With loan demand weakening, Upstart could face more problems ahead

The Artificial Intelligence (AI) Lending Company Reached (UPST -2.11%) will announce its third quarter results on November 8 after a difficult year. The stock is down 84% this year.

As the Federal Reserve aggressively raised interest rates in an attempt to tame inflation, the company faced funding headwinds and potential credit issues, which significantly hampered growth. .

I also think it’s very possible that Upstart continued to face these same issues in the third quarter of the year. Here’s why.

Understand the challenges of financing

Upstart is a fintech company that has developed its own proprietary underwriting algorithms that it claims can assess credit quality better than traditional methods, such as Fair Isaac FICO rating. The goal is also to use its underwriting to help borrowers with lower credit scores access traditional banking products while helping banks acquire new customers efficiently.

Image source: Getty Images.

Upstart is not a bank but rather a technology platform. Loans taken out through the platform can be funded and held by partner banks and credit unions, but the vast majority are purchased by institutional investors.

Investors obtain capital to purchase these loans through funding sources that charge interest that tracks the Federal Reserve’s benchmark overnight lending rate, the Federal Funds Rate. With the Fed aggressively raising rates, institutional investors have faced higher costs of capital, meaning they will want higher yielding loans to maintain their yield thresholds. Upstart will be able to raise the price of loans, but there is a lag and the Fed continues to raise rates. Additionally, rates have risen so rapidly that many borrowers who once qualified for certain loans no longer qualify.

Additionally, the Fed’s rapid rate hikes have many investors worried about a severe recession, which could lead to increased loan defaults. Faced with higher funding costs and the possibility of increased defaults, investors funding and buying Upstart loans are heading for the sidelines until conditions improve.

This makes growth difficult for Upstart as it has no one to buy its loans. Origination volume at Upstart increased from approximately $4.3 billion in the first quarter to approximately $3.1 billion in the second quarter, while revenue increased from $310 million to $228 million. In the upcoming third-quarter report, management forecast revenue of $170 million.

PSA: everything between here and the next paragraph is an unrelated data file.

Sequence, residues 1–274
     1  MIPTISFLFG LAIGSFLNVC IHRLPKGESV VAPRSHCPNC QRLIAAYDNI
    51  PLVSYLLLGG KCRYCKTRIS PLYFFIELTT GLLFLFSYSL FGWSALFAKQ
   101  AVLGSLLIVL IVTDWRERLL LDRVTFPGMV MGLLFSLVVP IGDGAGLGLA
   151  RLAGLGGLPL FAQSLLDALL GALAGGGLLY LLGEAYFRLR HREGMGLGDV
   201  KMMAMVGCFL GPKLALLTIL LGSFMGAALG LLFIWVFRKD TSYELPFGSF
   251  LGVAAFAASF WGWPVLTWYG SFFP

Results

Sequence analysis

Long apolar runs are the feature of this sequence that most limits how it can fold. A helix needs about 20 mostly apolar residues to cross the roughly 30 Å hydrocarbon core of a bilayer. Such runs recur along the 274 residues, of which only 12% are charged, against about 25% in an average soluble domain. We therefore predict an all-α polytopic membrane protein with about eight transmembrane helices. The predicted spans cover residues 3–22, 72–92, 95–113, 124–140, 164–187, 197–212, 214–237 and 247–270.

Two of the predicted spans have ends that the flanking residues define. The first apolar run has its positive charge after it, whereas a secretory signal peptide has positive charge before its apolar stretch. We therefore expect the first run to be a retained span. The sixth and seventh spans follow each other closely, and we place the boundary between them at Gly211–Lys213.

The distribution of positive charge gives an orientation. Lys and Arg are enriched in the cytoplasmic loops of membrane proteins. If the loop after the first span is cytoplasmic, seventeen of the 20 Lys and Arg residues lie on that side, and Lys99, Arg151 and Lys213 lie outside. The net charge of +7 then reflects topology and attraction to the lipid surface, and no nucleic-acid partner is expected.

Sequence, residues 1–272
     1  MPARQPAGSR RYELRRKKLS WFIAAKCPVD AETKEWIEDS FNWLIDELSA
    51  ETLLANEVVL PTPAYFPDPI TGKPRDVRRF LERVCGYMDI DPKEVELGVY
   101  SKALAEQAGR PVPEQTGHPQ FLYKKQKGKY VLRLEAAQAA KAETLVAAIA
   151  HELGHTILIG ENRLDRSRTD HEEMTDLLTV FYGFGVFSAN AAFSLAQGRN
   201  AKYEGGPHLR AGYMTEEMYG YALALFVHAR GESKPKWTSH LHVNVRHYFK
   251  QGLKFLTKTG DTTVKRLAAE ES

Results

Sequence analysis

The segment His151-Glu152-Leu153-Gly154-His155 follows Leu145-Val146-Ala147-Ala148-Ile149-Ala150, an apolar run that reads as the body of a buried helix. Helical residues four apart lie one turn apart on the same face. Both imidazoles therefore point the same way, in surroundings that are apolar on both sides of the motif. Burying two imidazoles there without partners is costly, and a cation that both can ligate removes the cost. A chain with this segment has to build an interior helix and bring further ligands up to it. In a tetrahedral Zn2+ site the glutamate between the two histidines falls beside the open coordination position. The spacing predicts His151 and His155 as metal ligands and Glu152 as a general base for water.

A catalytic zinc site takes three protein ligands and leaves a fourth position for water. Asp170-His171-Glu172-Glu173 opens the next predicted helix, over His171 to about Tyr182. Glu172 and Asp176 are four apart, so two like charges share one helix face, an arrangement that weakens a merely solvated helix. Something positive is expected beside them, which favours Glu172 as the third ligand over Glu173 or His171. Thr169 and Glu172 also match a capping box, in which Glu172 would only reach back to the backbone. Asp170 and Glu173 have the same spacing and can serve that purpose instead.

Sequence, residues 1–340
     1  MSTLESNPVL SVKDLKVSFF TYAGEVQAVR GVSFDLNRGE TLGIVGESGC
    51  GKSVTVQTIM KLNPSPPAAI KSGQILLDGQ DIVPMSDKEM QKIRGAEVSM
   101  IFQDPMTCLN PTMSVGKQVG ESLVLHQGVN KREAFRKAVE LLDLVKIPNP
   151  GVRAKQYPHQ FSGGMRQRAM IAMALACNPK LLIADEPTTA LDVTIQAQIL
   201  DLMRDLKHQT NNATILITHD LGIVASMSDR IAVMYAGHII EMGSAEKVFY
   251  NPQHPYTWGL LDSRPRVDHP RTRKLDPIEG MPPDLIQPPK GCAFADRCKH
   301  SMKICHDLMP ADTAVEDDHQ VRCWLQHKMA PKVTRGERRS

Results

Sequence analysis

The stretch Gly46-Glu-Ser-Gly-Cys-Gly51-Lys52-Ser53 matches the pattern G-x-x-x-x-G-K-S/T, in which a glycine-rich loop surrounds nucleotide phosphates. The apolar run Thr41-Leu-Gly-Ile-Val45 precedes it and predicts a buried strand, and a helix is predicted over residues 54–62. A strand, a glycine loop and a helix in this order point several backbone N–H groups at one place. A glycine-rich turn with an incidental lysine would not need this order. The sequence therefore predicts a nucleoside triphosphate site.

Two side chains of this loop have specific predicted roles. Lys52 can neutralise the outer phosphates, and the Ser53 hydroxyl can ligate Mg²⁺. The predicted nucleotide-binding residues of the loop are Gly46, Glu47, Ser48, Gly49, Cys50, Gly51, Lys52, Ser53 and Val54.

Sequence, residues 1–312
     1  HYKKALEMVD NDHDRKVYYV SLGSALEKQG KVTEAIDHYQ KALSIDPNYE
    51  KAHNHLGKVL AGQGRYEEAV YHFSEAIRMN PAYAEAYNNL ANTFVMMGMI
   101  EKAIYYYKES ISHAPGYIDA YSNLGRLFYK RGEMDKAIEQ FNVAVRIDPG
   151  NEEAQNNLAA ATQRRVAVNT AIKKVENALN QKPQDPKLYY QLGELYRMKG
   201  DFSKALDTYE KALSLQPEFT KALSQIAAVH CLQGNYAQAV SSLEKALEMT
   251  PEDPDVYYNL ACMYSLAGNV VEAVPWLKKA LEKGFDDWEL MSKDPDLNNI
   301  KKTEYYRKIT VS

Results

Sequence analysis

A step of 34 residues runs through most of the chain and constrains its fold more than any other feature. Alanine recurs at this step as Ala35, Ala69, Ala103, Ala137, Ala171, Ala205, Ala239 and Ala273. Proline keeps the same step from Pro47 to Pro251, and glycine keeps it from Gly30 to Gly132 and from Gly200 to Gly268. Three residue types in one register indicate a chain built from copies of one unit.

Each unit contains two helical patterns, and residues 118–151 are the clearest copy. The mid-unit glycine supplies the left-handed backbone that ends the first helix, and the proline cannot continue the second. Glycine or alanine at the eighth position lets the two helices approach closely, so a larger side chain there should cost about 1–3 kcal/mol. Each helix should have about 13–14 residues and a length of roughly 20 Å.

A warning sign

In a harbinger of what could happen for Upstart, another online personal loan company called loan club (CL -1.11%) recently released its third quarter results. The market bank, which also sells the majority of its creations to investors, saw those loans rise from about $2.8 billion in the second quarter to about $2.39 billion in the third quarter.

LendingClub CEO Scott Sanborn said the company has

lending volumes more tempered in market earnings due to the rapidly changing rate environment, temporarily affecting investor demand for loans. With the pace and magnitude of rate changes now larger than previously expected, the anticipated momentum is more meaningful.

In addition, LendingClub’s forecast for the fourth quarter suggests continued pressure on loans being sold to investors, who are apparently willing to wait until the Fed at least slows the pace of its rate hikes.

The boost here for Upstart is that LendingClub is banking a higher quality client overall, with the average FICO score for loans sold to investors around 718 at the end of the third quarter. Upstart lends primarily to close-prime clients, which accounted for just 10% to 12% of LendingClub’s third-quarter start-ups.

Potentially more issues to come

Given what we just heard on LendingClub’s earnings call, and given that the Fed is now expected to raise the fed funds rate 1.4 percentage points higher than the market forecast last July , Upstart may have had a rough third quarter.

The company provided a revised outlook in the prior quarter, so perhaps some of those tough conditions are priced into expectations. Upstart’s management team has discussed trying to add committed capital, so it has a cushion for tough environments like this, but this initiative may take some time to operationalize. . The company may also hold loans on its balance sheet, but the market hasn’t always reacted so well when the company does. The company was designed to be a lending platform, not a bank.

Upstart’s stock is down this year, so it could be on the verge of a rebound if the Fed slows the pace of its rate hikes. But I just don’t like investing in a company that’s so vulnerable to rate hikes. Also, I think management will have to do a better job of convincing investors that credit quality will hold up, especially given the direction the economy may be heading.

Bram Berkowitz has positions in LendingClub and has the following options: Long calls $35 in January 2024 on LendingClub. The Motley Fool holds positions and endorses Upstart Holdings, Inc. The Motley Fool has a Disclosure Policy.

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